Garfield County to further study economic impacts of SB181 regulations |

Garfield County to further study economic impacts of SB181 regulations

Garfield County commissioners want to get a better sense of the local economic impacts of the state’s new oil and gas regulations that came as a result of the 2019 passage of Senate Bill 181.

Commissioners on Monday unanimously agreed to spend $65,000 from the county’s oil and gas mitigation fund on a study to assess the short- and long-term impacts.

The initial expense will go to fund a one-year study of impacts ranging from job losses and impacts to industry support business to losses in tax revenues for local government entities, including school districts.

Commissioner Tom Jankovsky said he wants it to be an ongoing project for future years, as well.

“I would like to roll into this (a provision) for it to be renewed each year,” he said during the Monday Board of County Commissioners meeting. “I’d like to have a good idea of the impact over at least four years.”

The county’s oil and gas liaison, Kirby Wynn, and Community Development Department staff will seek bids from economic consultants to do the study.

The work is similar to some initial studies done as part of a multi-county effort during the Colorado Oil and Gas Conservation (COGCC) Commission and Air Quality Control Commission’s SB181 rulemaking process last year.

The commissioners are now looking to localize that impact analysis to Garfield County.

The sweeping legislation, signed into law by Gov. Jared Polis in the first legislative session after he took office, changed the mission of the COGCC from fostering to regulating the development of oil and gas in the state.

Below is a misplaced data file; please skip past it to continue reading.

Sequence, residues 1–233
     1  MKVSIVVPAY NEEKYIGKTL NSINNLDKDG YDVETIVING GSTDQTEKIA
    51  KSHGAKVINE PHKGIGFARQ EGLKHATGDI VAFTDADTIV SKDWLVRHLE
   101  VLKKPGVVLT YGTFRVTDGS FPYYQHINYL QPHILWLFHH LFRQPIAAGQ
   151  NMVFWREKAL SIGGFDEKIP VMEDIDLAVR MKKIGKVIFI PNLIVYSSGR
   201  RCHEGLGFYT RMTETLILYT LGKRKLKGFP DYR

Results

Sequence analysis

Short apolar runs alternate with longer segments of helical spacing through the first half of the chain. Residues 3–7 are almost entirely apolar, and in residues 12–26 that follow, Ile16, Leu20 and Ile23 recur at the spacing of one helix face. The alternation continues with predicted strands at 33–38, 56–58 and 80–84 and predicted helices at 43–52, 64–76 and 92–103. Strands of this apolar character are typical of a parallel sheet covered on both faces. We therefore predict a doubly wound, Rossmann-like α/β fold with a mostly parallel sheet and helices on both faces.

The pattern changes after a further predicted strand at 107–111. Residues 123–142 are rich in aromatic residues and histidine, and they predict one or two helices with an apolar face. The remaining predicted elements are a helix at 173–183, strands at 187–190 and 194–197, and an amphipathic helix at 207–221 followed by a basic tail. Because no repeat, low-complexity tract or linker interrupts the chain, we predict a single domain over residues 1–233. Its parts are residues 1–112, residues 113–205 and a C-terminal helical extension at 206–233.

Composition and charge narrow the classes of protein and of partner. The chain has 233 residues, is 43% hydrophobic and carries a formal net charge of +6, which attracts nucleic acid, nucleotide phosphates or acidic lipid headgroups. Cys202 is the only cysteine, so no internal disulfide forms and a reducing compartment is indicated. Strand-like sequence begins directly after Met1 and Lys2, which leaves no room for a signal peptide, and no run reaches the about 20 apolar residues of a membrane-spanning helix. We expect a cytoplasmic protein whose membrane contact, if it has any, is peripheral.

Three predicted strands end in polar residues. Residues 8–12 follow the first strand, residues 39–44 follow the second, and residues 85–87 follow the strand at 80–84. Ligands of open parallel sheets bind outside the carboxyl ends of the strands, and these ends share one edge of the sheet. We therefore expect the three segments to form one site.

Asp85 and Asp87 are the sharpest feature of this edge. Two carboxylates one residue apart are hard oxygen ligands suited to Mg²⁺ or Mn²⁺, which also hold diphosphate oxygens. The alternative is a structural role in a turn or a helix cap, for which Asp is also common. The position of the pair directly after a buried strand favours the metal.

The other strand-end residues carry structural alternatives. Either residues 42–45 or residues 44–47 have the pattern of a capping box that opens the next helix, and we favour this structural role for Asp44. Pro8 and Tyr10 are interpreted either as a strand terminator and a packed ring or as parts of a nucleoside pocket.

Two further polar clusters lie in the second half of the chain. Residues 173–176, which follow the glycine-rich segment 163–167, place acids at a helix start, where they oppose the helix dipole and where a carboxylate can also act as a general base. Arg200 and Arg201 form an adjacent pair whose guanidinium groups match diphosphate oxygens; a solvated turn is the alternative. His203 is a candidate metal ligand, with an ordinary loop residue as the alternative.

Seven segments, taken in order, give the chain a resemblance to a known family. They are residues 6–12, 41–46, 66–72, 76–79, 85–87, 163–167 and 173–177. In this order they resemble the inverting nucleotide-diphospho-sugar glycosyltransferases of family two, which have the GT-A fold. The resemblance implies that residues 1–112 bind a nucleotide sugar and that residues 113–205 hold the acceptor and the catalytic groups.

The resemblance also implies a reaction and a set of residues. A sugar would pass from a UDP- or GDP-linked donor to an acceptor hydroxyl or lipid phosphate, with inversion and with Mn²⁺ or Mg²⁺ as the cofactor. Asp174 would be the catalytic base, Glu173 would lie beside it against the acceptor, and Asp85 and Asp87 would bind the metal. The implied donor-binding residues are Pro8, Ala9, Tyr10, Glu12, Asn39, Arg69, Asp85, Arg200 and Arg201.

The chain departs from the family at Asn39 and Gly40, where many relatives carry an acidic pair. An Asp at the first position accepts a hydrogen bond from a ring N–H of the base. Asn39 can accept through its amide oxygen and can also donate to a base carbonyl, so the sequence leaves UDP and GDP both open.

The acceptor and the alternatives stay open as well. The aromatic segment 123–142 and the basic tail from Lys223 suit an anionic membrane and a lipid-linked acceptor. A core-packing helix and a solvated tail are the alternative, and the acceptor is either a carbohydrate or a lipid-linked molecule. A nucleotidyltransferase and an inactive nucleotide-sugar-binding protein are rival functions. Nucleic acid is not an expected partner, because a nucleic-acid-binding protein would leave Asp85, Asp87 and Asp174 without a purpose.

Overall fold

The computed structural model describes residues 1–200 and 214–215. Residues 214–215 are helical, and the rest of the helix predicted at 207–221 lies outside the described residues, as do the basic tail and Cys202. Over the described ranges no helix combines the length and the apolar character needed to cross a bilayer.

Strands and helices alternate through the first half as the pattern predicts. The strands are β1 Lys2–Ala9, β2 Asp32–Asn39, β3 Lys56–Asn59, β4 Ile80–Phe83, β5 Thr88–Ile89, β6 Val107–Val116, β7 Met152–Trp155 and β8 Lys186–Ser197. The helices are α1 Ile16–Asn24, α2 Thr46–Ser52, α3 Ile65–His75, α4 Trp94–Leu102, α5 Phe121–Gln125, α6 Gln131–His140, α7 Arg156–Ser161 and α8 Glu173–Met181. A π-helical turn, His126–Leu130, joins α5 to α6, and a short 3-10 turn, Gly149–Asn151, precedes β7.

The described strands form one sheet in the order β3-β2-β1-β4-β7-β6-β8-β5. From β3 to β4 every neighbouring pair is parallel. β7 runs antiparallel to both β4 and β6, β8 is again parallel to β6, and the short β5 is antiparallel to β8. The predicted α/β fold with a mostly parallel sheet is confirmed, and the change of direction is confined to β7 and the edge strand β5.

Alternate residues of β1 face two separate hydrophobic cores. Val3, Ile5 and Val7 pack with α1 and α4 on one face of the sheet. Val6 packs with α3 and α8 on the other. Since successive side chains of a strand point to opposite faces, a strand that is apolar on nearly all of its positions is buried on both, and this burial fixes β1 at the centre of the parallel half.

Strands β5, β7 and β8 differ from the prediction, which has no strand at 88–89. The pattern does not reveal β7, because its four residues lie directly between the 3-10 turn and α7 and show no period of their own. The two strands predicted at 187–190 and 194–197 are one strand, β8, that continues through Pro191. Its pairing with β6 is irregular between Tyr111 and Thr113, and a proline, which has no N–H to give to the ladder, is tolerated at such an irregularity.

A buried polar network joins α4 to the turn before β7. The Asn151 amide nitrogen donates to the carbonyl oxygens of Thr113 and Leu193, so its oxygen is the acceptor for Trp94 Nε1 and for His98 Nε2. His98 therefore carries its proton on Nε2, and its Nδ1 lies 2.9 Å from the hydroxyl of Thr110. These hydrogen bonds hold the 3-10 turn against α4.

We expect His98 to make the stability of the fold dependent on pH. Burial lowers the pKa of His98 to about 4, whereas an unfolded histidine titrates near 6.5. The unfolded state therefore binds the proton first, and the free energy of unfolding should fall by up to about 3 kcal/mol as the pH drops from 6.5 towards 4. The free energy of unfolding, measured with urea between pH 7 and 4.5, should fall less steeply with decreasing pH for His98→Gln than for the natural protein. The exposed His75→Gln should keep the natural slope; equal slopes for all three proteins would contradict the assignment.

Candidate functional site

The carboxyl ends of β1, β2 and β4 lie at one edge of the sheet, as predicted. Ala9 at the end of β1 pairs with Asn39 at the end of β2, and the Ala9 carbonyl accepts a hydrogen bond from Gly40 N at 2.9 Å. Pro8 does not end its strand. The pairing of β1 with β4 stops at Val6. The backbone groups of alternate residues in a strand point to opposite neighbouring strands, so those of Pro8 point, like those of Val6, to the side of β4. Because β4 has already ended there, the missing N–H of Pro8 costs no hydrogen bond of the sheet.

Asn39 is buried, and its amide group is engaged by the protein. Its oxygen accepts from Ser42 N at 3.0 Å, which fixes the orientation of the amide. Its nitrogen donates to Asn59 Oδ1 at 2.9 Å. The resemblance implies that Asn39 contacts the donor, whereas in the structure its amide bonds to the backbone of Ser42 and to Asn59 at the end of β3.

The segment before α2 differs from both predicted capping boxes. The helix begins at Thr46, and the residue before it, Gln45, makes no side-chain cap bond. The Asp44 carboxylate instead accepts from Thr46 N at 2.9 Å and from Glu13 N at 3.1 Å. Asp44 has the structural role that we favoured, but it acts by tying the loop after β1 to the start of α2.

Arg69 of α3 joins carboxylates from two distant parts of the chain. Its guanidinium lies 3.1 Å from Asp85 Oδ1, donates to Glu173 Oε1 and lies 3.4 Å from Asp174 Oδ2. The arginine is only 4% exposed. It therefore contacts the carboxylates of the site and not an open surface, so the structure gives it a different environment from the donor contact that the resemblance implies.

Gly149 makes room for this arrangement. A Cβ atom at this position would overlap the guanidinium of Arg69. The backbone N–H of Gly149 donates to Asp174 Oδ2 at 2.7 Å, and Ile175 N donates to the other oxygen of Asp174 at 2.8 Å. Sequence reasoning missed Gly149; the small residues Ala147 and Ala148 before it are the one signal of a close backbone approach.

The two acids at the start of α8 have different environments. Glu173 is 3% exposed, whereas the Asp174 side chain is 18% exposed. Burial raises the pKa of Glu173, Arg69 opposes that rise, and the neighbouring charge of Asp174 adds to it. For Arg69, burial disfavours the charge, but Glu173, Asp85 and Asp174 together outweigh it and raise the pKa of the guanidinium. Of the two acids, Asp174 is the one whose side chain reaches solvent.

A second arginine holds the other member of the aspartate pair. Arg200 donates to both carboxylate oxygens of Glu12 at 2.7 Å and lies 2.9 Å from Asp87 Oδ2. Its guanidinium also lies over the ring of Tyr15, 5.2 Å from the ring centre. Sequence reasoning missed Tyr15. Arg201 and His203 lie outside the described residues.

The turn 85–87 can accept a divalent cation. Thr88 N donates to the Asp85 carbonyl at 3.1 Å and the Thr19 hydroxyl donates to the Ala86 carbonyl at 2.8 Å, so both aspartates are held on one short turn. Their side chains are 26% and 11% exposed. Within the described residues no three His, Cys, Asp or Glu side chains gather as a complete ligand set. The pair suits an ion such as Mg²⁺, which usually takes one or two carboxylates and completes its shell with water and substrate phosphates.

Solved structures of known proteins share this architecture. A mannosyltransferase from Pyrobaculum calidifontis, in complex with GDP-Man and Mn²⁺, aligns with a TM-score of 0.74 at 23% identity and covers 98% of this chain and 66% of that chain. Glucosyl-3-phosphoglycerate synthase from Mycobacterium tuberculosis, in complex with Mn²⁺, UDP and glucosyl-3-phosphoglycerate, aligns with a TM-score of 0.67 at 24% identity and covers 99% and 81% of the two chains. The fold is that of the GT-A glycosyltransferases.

A lengthy rulemaking process resulted in wide-ranging new regulations, including a 2,000-foot setback for oil and gas well sites from schools, homes and other occupied buildings, and more provisions for local control of the industry. New statewide air quality regulations were also approved.

Elected officials from Garfield and other energy producing counties in the state have been highly critical of the new rules, while local activist groups objecting to the proximity of oil and gas operations in populated areas have applauded the changes.

In a draft summary of proposed study discussed at a Feb. 2 commissioner’s work session, Wynn noted that, before the regulations were put in place, Garfield County is host to more than 11,000 wells producing over 1.3 billion cubic feet of natural gas per day.

“These wells could continue to generate significant tax and other revenue and employment for the region if investment continues to drill new wells and maintain existing infrastructure to offset naturally occurring production declines from older wells,” Wynn wrote.

However, the recent rulemakings by the COGCC and the Colorado Air Quality Control Commission (AQCC) “impose significantly increased regulatory compliance costs that could serve to deter oil and gas investment in Garfield County and the greater Piceance Basin area.”

As part of its involvement in the rulemaking process over the past two years, Garfield County was joined by several other Western Slope counties in contracting with economists to calculate estimated compliance costs and related economic impacts of the proposed new regulations.

“Modeled scenarios predicted reduced oil and gas production and negative impacts to the local economy, jobs and tax revenues when investment in new wells and infrastructure are hindered and if marginal wells become uneconomic and are shut in due to untenable regulatory cost burdens,” Wynn wrote in the Feb. 2 report.

Commissioners at the time requested further tracking of those costs to Garfield County specifically.

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